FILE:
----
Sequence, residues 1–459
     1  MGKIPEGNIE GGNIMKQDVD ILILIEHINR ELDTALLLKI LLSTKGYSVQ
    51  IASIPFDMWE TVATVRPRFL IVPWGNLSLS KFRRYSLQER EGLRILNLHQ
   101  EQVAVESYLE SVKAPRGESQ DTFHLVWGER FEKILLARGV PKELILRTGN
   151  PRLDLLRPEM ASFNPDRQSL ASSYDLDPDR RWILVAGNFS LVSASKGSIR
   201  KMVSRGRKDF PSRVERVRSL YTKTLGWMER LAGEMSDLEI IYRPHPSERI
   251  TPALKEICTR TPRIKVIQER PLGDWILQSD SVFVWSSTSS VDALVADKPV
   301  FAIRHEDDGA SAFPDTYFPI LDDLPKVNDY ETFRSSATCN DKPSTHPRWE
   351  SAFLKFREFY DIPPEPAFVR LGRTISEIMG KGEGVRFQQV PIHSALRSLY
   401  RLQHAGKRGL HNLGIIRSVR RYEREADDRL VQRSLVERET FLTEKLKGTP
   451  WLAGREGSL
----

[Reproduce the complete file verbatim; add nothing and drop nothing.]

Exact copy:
Sequence, residues 1–459
     1  MGKIPEGNIE GGNIMKQDVD ILILIEHINR ELDTALLLKI LLSTKGYSVQ
    51  IASIPFDMWE TVATVRPRFL IVPWGNLSLS KFRRYSLQER EGLRILNLHQ
   101  EQVAVESYLE SVKAPRGESQ DTFHLVWGER FEKILLARGV PKELILRTGN
   151  PRLDLLRPEM ASFNPDRQSL ASSYDLDPDR RWILVAGNFS LVSASKGSIR
   201  KMVSRGRKDF PSRVERVRSL YTKTLGWMER LAGEMSDLEI IYRPHPSERI
   251  TPALKEICTR TPRIKVIQER PLGDWILQSD SVFVWSSTSS VDALVADKPV
   301  FAIRHEDDGA SAFPDTYFPI LDDLPKVNDY ETFRSSATCN DKPSTHPRWE
   351  SAFLKFREFY DIPPEPAFVR LGRTISEIMG KGEGVRFQQV PIHSALRSLY
   401  RLQHAGKRGL HNLGIIRSVR RYEREADDRL VQRSLVERET FLTEKLKGTP
   451  WLAGREGSL